Civil War Top 100

Flags of the 28th Massachusetts

During the Civil War, each federal infantry regiment was generally issued two flags: a state color and a national color.

State colors typically had plain fields with state seals positioned prominently in the center. In the first year of the war, these flags came in a wide variety of colors and non-regulation patterns. Some states instead issued copies of the dark blue U.S. regimental flag, bearing an "army eagle" in the center, a ribbon inscribed with the unit's designation in its beak.

National colors were the familiar stars and stripes. They featured 34 stars early in the war, with additional stars added as new states entered the union after 1863. The stars, often gold in color, were positioned in a variety of ways on the blue canton, sometimes surrounding a state seal. The regimental name was typically printed in gold or white lettering along the fourth, or middle, red stripe.

Flags were not just for show. They were vital field markers that readily identified unit positions for men in the ranks and their officers, as well as for aides carrying orders for brigade commanders. Without their flags in sight, it would be easy for all of them to become disoriented amidst the powder smoke and broken terrain, and fall out of formation.

Beyond their practical uses, flags boosted regimental pride and morale. They were considered the very heart and soul of the regiment itself. Presented as they so often were in the context of a formal ceremony accompanied by patriotic speeches and displays, flags symbolized the hopes and aspirations of the men, and the cause they were fighting to uphold.

Carrying the colors was considered the highest honor for enlisted men, since it meant entrusting the safety and upkeep of these revered symbols to a select few. A regiment's two flag bearers and color guard were carefully selected by the commanding officer. Among the privileges they enjoyed was being excused from most drill and fatigue duties when they were not engaged in battle.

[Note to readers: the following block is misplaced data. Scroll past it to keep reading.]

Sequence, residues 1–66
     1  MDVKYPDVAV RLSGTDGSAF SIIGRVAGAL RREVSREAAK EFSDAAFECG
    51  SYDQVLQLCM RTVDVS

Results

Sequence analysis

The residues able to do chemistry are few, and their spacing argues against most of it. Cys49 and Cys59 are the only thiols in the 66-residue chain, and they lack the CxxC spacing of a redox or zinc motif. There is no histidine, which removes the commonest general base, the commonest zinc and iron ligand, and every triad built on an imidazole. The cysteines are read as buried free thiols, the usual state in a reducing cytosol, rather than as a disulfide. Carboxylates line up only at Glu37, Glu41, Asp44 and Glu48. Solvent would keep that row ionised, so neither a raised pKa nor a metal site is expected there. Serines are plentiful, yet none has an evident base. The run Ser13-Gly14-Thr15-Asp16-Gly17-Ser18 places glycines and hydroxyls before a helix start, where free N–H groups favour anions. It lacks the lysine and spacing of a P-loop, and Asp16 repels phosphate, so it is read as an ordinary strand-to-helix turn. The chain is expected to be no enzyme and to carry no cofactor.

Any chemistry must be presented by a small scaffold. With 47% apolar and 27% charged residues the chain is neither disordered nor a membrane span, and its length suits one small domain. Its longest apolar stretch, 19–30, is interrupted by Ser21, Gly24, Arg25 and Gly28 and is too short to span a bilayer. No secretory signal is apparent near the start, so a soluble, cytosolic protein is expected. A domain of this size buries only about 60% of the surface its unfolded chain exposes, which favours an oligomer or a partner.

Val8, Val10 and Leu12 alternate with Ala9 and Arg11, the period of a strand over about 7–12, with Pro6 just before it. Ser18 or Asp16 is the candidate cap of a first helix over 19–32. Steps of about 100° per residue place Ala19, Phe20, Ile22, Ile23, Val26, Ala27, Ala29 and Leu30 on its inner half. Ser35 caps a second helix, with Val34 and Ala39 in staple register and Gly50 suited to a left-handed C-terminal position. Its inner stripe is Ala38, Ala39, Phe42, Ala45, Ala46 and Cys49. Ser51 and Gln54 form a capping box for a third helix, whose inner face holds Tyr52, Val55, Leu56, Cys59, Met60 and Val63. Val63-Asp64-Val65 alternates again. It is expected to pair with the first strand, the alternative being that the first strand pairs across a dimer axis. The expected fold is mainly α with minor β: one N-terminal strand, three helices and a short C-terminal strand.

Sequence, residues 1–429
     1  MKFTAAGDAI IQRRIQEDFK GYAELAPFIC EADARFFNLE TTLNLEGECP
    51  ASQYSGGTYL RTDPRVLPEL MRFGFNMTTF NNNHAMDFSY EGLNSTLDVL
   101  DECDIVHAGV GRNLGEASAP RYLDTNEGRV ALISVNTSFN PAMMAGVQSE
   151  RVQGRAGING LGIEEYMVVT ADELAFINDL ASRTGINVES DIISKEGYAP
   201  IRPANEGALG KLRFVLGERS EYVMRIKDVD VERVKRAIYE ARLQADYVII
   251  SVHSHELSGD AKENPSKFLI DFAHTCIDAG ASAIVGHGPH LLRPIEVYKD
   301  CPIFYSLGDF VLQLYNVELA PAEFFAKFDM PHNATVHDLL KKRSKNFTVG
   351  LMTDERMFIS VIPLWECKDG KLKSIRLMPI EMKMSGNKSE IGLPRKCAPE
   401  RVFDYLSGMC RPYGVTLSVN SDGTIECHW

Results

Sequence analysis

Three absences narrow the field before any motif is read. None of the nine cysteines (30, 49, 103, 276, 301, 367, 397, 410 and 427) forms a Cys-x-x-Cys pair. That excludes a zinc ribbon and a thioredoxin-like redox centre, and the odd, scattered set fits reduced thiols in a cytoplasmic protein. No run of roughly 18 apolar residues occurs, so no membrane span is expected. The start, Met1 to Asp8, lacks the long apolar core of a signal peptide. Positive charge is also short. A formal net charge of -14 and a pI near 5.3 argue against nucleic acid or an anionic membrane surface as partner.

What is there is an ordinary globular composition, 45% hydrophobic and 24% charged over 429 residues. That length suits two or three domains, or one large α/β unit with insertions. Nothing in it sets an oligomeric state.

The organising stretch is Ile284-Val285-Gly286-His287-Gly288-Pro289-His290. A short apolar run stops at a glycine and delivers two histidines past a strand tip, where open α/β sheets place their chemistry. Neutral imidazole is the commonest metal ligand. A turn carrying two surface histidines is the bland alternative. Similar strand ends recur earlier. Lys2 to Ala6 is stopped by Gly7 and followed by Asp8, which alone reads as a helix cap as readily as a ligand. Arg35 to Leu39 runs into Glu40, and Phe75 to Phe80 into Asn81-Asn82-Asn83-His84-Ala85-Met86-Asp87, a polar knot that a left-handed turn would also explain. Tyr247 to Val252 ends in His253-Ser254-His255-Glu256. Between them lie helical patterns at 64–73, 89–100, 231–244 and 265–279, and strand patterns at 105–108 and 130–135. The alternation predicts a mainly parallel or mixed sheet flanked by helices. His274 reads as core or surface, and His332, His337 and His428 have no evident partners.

Being a color bearer was also among the most dangerous of assignments, since flags made inviting targets for enemy rifles and artillery. In the thick of fighting, especially during a charge, those assigned to the color guard were usually among the first to fall, and many are the stories of brave men readily scooping regimental banners from the hands of wounded comrades, only to be hit themselves just moments later.

Two color sergeants of the 28th Massachusetts gave their lives bearing regimental flags: Sgt. John J. McDonald, killed at James Island on June 16, 1862, and Sgt. Peter Welsh, mortally wounded at Spotsylvania on May 18, 1864. Another color sergeant, Henry Fraser, was seriously wounded at Hatcher's Run on March 25, 1865.

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